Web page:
The sample design incorporates a representative sample at the state level and by 3 major ethnic groups: African American, Hispanic, and white/other. For this study, students described their ethnicity from a list of 7 response options. “Other” ethnicity, which includes American Indian or Alaska Native, Asian, Native Hawaiian,
and other Pacific Islander, was combined with white ethnicity because of small sample sizes for these other ethnic
groups. No differences were found in body mass index or percentage overweight between the “other” subgroup and the white participants, thus providing a rationale for combining these groups. Further details are reported elsewhere (15).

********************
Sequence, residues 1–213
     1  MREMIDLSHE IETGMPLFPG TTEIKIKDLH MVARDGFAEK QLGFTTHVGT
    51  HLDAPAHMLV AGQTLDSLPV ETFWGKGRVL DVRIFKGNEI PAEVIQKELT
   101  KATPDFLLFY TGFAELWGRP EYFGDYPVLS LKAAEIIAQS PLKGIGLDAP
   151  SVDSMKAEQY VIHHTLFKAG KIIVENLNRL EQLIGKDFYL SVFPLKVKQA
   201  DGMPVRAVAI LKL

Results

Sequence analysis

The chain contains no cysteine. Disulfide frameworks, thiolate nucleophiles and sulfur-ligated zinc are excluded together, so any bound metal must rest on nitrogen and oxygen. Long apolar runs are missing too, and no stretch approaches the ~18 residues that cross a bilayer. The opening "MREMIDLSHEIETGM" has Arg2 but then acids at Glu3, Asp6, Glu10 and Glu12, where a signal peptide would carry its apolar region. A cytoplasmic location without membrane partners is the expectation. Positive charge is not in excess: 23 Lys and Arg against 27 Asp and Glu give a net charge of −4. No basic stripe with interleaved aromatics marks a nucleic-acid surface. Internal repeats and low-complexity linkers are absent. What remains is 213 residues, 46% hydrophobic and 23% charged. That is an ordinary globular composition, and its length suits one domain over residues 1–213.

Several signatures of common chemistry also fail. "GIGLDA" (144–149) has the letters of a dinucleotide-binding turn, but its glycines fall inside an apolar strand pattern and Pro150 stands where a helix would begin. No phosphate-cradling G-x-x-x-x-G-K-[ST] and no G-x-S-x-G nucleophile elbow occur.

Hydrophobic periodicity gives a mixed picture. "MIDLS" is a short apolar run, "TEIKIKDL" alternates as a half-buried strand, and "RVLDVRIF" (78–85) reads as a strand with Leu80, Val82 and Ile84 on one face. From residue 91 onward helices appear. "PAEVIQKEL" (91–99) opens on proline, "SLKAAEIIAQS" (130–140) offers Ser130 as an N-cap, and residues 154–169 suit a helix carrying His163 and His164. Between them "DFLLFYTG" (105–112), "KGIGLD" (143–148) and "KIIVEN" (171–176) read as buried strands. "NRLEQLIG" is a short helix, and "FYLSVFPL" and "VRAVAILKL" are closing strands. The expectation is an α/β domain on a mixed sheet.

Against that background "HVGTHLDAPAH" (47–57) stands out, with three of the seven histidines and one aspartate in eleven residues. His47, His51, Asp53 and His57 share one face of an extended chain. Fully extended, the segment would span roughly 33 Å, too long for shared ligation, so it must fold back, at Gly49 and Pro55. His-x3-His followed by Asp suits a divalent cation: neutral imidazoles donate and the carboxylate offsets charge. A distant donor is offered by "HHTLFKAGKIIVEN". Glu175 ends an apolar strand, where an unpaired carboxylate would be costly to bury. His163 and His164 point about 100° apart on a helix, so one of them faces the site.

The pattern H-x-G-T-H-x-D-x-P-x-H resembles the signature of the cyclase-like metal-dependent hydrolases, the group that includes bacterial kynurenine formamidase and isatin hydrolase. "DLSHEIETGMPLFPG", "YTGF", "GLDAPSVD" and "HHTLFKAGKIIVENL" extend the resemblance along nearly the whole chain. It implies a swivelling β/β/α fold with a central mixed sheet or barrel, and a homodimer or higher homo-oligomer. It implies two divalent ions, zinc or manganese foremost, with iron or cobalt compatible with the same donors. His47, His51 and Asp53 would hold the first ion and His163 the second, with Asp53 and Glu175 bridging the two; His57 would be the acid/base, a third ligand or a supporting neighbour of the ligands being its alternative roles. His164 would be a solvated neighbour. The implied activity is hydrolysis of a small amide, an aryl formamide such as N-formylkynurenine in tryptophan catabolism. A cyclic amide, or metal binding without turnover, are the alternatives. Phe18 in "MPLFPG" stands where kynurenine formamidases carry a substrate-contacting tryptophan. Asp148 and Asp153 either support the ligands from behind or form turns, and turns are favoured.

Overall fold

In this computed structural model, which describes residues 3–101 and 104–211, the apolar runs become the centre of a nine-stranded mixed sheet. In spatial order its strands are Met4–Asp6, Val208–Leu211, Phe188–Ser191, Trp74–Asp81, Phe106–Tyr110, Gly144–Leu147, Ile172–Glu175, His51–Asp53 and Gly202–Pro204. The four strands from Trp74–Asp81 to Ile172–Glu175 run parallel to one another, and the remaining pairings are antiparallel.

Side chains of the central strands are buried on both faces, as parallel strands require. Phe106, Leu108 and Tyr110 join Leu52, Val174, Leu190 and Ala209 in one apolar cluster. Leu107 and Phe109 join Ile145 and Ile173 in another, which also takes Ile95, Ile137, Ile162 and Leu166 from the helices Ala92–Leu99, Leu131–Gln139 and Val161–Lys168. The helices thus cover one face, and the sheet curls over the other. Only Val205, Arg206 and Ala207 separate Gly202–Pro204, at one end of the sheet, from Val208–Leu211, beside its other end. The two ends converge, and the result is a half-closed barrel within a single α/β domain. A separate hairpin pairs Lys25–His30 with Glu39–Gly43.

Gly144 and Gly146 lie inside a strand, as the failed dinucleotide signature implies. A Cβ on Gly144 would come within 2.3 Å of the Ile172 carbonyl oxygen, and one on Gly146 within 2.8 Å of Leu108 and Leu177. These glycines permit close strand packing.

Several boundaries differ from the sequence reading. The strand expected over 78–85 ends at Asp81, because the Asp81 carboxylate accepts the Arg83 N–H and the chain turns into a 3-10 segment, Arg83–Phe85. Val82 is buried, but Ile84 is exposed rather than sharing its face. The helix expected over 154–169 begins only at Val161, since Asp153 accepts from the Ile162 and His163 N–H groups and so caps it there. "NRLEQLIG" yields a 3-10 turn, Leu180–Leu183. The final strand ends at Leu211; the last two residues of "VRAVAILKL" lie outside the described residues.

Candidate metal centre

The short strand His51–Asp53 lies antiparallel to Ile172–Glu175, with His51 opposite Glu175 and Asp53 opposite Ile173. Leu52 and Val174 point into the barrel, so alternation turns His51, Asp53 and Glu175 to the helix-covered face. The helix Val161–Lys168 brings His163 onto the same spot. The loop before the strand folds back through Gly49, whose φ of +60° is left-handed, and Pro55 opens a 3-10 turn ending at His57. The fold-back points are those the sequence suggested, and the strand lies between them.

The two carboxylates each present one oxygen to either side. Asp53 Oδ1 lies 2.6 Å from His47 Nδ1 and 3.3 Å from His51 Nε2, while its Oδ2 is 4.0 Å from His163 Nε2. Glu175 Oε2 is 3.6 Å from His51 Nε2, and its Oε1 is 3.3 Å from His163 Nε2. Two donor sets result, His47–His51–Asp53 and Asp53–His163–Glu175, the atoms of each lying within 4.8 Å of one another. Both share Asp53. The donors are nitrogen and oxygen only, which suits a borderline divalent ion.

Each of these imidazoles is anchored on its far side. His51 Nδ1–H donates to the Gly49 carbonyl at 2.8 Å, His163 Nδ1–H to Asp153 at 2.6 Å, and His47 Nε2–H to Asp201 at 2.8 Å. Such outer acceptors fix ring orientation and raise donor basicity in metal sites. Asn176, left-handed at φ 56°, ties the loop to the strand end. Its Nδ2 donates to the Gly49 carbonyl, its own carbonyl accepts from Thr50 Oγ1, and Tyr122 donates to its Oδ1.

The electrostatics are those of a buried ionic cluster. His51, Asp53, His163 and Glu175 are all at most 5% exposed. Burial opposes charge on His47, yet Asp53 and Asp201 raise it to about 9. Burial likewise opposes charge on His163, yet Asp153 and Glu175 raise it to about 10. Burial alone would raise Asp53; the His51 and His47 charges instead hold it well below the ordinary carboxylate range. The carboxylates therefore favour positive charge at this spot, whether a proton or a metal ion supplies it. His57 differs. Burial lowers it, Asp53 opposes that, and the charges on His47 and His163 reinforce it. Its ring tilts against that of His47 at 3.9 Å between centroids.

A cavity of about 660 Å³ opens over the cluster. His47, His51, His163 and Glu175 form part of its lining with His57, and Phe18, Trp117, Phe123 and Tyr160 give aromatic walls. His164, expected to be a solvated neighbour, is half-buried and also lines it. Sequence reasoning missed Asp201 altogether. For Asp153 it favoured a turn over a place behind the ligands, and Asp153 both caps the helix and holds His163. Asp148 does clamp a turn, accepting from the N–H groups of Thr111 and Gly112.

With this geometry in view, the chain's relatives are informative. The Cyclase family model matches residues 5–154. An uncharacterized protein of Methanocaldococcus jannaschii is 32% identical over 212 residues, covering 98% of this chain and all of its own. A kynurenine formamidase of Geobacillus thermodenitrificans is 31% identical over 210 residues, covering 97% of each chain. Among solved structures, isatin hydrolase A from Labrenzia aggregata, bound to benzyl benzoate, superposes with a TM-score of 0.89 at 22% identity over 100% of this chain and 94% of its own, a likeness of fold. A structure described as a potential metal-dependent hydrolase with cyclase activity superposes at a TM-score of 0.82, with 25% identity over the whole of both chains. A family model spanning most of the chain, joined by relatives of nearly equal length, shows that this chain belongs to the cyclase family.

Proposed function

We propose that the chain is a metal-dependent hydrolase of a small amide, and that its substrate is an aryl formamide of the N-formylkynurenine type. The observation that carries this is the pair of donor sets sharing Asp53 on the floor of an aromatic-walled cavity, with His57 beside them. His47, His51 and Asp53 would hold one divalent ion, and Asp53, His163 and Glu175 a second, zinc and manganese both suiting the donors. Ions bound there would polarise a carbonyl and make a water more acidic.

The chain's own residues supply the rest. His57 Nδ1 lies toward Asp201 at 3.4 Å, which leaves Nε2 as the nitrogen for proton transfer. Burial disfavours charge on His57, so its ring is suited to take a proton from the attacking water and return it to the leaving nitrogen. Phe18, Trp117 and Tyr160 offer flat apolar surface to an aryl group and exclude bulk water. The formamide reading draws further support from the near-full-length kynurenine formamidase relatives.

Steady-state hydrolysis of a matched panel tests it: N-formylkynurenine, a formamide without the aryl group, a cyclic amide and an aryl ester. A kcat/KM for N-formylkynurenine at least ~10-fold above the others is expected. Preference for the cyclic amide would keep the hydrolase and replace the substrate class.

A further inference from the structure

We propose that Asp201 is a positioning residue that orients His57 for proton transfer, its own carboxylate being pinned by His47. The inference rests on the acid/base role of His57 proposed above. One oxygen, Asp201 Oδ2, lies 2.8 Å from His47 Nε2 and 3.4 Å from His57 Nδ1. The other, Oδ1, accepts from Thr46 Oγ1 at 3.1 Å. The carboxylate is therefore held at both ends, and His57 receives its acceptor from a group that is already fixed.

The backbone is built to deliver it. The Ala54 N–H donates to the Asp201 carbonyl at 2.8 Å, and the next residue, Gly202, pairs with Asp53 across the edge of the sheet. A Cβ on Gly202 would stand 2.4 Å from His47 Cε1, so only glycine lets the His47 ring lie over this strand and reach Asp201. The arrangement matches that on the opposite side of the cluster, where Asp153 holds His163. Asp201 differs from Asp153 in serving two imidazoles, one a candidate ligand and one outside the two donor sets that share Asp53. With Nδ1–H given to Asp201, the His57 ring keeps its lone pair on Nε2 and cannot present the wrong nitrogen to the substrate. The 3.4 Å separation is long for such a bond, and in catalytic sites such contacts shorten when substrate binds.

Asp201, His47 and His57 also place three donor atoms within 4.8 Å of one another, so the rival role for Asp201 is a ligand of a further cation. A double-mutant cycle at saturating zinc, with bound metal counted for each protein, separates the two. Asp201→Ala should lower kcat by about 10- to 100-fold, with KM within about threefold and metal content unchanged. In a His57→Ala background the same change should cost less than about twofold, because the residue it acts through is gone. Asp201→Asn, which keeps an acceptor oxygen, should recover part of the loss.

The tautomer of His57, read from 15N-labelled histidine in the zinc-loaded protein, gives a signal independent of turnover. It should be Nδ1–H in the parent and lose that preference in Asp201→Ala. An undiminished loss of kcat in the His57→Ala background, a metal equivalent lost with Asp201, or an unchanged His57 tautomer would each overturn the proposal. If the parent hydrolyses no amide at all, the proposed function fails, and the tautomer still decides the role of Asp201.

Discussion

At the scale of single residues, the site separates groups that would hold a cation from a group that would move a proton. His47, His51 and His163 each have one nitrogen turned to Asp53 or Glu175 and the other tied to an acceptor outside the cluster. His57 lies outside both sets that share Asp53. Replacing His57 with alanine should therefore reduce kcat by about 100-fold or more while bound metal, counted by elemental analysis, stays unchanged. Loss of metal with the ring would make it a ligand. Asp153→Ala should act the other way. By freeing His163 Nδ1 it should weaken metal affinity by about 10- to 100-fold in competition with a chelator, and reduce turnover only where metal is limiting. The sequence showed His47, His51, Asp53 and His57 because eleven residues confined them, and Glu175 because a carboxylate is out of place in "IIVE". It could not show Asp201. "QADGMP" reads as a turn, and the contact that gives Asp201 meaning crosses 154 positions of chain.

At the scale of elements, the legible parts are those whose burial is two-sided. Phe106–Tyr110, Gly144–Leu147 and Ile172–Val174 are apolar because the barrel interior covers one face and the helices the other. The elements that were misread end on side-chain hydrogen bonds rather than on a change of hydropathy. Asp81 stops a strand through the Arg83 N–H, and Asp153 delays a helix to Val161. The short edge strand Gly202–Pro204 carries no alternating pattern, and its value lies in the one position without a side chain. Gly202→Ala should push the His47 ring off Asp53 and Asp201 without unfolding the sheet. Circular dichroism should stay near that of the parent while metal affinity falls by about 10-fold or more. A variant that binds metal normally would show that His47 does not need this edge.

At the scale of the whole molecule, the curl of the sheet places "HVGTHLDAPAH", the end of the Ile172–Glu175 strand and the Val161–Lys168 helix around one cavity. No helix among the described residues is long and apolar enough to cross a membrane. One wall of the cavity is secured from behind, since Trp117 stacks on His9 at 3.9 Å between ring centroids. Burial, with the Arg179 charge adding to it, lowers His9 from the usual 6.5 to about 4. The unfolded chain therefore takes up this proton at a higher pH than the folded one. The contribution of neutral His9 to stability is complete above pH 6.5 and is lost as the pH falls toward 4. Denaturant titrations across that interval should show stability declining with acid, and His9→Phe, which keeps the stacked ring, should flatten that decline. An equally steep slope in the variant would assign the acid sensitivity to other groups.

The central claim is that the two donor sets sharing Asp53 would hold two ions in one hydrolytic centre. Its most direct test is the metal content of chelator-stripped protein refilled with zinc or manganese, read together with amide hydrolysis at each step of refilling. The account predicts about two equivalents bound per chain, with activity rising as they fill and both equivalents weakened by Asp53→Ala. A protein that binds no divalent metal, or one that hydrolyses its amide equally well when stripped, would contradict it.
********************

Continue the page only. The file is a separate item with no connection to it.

Six indicators of PA were examined: participation in vigorous physical activity (VPA) that made the respondent sweat and breathe hard for at least 20 minutes on 3 or more of
the previous 7 days (based on adult recommendations for PA that were commonly used for children at the time of the study ); participation on at least 1 sports team in
the previous year (for 8th and 11th grade, measures include participation on sports teams run by school and outside of school); current participation
in other organized PA or lessons; participation in exercises to strengthen or tone muscles on 3 or more of
the previous 7 days (8th and 11th grade only); and physical education (PE) class on 4 or more days during an average school week (Table 1). Two indicators assessed sedentary behavior
(Table 2): watching
television/video movies and playing computer/video games for 3 or more hours per